Small water ice particles fly from fissures in the south polar region of Saturn’s moon Enceladus in this image taken during the Aug. 13, 2010, flyby of the moon by NASA’s Cassini spacecraft. Image credit: NASA/JPL/SSI
As Cassini scientists await the data from today’s flyby of Enceladus, images and data from August of this year have provided more insight into the active fissures on the icy moon’s south polar region. These geyser-spewing fractures are warmer and more complicated than previously thought.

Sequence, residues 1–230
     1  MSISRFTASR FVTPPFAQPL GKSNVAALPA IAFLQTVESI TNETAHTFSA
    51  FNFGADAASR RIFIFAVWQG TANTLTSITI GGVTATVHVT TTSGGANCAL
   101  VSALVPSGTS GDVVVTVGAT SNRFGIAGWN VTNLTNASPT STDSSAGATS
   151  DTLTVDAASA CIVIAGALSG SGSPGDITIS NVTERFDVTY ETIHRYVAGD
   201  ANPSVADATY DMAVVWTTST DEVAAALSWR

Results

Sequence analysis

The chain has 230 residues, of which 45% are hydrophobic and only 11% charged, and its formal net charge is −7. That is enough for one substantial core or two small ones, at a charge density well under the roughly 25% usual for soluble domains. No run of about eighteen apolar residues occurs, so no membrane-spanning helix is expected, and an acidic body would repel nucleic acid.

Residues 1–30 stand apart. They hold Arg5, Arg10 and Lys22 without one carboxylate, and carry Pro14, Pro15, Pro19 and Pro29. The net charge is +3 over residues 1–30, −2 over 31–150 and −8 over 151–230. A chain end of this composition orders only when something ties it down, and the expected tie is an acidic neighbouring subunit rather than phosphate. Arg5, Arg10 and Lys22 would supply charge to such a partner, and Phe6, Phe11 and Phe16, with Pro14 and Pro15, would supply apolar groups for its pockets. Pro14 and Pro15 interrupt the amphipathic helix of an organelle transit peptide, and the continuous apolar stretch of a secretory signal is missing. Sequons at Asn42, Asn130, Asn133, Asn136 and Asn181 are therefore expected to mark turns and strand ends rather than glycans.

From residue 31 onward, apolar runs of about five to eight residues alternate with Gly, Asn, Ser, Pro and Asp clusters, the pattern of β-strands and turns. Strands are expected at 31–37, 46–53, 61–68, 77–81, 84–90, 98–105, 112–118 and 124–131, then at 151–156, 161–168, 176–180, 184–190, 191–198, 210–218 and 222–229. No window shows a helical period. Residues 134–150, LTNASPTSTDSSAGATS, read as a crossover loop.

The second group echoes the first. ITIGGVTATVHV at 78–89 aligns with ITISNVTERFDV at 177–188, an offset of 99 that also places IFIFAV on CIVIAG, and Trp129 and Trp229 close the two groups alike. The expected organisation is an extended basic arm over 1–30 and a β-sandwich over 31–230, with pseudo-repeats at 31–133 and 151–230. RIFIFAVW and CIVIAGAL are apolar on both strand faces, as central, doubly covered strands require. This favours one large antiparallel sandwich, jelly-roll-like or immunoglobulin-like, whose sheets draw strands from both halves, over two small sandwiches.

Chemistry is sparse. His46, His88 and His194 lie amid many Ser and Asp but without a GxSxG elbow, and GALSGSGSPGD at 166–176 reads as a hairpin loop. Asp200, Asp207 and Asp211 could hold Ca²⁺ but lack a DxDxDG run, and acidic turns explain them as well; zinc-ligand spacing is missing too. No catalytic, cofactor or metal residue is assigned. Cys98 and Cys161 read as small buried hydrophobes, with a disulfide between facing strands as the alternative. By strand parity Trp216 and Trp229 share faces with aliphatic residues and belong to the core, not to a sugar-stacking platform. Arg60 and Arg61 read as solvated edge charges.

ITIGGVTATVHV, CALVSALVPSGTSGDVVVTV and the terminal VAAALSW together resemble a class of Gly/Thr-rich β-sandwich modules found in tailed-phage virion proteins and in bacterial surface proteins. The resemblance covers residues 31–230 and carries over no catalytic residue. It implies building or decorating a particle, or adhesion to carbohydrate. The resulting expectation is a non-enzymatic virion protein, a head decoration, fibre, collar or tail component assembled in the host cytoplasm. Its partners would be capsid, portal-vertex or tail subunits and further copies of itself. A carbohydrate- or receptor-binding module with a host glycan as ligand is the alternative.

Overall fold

“The exquisite resolution obtained on one segment of the Damascus fracture — one of the most active regions within the south polar terrain — has revealed a surface temperature reaching a staggering 190 Kelvin, or 120 degrees below zero Fahrenheit,” said Cassini imaging team lead Carolyn Porco, in an email announcing the new images. “Far from the fractures, the temperature of the south polar terrain dips as low as 52 Kelvin, or 365 degrees below zero Fahrenheit.” (…) Read the rest of Enceladus Fissures Keep Getting Warmer and More Complex (613 words)
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